Chevy’s ZR2 badge doesn’t command the same level of name recognition as a TRD or Bronco logo, and that’s a disservice.


Chevrolet is doing a great job of hot-rodding its smallest pickup for off-road driving and it’s only fair to compare it to Toyota’s TRD line. I drove the 2023 Toyota 4Runner TRD Pro and even though I pile heaps of praise on both vehicles, they’re not as similar as you might think. The Toyota’s suspension is ultra-plush and takes everything from snowdrifts to speedbumps in stride, even when you’re going a bit faster than might be prudent. On-road body roll makes it very clear that asphalt is not where a 4Runner and Tacoma TRD Pro want to be.


The Colorado ZR2 is much stiffer (read: rougher) off-road, but that makes it vastly more composed on curvy, paved roads. Its turbocharged engine also offers much-appreciated thrust in spite of its meaty mud-terrain tires.


Upgraded technology moves the Colorado ZR2 closer to dirt-savvy Fords like the Bronco and upcoming Ranger Raptor (be still, my beating heart) and I’m sure that’s no accident. I was blown away by the Bronco’s rock-crawling prowess at the Ford Bronco Off Roadeo driving experience, where ragtop Broncos boldly went where only Jeep Wranglers, desert bighorn sheep, and maybe an occasional Suzuki Samurai had been before.


Again, the ZR2 feels stiff and tight compared to the various Broncos I’ve driven off-road but the more refined interior and athletic on-road personality offer something unique. Unlike the Bronco’s interior, which looks like you could clean it with a leaf blower after a day on dusty trails, the ZR2 is a much more civilized place to spend your daily commute.


All three are fantastic and undeniably capable options; they just excel in slightly different areas. The more time you spend on the street, the more the ZR2 makes sense.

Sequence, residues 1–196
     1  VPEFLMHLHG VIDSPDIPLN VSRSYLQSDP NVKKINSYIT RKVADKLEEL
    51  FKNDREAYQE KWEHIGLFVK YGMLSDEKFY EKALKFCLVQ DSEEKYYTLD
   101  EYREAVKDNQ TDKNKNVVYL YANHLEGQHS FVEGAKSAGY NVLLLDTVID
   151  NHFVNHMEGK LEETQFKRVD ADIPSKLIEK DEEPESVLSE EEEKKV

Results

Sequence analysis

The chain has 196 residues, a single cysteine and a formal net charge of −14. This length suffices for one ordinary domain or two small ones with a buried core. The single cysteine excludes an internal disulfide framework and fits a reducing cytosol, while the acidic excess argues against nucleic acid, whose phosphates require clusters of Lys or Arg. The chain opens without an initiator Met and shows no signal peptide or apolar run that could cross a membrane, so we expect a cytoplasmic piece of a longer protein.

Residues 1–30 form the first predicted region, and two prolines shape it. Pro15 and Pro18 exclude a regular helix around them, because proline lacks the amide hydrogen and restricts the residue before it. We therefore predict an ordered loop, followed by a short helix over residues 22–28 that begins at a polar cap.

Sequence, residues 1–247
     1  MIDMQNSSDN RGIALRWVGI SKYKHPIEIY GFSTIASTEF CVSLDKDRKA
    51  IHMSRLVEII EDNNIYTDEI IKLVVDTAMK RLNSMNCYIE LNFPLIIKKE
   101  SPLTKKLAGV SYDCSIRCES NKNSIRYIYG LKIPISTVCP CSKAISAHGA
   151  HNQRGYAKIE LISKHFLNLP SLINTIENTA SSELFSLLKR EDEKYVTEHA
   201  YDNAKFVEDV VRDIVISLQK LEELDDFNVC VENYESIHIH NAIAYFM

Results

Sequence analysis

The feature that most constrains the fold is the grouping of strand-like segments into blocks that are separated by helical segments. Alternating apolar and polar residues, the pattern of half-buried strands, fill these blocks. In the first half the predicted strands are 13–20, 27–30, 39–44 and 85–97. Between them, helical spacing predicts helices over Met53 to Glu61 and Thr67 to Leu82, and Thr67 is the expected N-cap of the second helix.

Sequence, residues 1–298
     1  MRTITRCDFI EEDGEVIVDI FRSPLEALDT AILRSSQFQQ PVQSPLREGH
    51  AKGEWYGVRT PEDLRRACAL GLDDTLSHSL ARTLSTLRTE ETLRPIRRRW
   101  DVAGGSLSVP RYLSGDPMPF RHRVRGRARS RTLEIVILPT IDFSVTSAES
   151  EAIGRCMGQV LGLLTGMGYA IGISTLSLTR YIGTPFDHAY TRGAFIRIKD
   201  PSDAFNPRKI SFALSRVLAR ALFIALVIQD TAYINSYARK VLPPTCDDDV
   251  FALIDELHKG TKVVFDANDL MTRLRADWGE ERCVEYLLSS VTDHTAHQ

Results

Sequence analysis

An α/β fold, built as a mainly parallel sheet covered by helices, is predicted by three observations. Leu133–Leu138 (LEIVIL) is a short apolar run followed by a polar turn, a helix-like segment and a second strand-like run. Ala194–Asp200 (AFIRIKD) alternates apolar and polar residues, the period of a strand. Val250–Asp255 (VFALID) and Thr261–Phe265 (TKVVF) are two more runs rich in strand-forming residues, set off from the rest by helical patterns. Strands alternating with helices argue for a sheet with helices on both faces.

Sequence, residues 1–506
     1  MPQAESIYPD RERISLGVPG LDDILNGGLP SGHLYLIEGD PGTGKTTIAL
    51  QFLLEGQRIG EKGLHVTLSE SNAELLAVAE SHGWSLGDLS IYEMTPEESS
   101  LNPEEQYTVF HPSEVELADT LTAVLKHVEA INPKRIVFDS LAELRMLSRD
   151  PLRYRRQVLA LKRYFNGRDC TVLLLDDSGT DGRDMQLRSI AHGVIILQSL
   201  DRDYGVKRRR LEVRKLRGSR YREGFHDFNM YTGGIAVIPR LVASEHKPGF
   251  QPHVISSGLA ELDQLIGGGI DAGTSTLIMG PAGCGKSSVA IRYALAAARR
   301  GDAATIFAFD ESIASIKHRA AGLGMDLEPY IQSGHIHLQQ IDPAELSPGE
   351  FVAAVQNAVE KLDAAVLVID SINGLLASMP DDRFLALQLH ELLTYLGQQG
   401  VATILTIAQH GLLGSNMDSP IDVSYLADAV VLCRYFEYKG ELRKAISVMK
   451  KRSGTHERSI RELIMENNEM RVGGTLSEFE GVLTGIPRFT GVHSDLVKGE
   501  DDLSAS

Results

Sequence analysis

Who Should Buy a Colorado ZR2?

2023 Chevy Colorado ZR2
The view was worth the drive and I only wish I could have pushed the ZR2 harder.

The 2023 Chevy Colorado ZR2 is an odd duck in the off-roading world, but that’s not a knock against it. For most people who enjoy driving off the beaten path, reality looks like occasional adventures separated by weeks of commuting and backroad driving. If that sounds familiar, the ZR2 is exactly what you need.


During my time with the ZR2, I was continuously surprised by how hard I could hustle it into a corner. The chassis has an incredible ability to hug a fast line through a turn in a way that no jacked-up 4x4 should. There’s no sloppy body roll, no wooden brakes, and no monotonous droning from the engine; there’s just grip, poise, and delightful turbo noises.


Nothing this rugged should handle so well. Nothing this sporty should have a low-range transfer case, front and rear locking axles, and multiple off-road drive modes. But here we are with a nitro yellow pickup truck that does both. Have your cake and eat it, too.




Scott is a lover of motorized fun, whether on four wheels or two. A child of the ’90s, he has a particular soft spot for hatchbacks and believes all aging cars deserve a second chance at life. If he’s not behind a camera or a computer, he’s probably chasing down new coffee shops with his wife or throwing a frisbee for his dog.


The views and opinions expressed here are his own and may not align with the founders of Everyday Driver.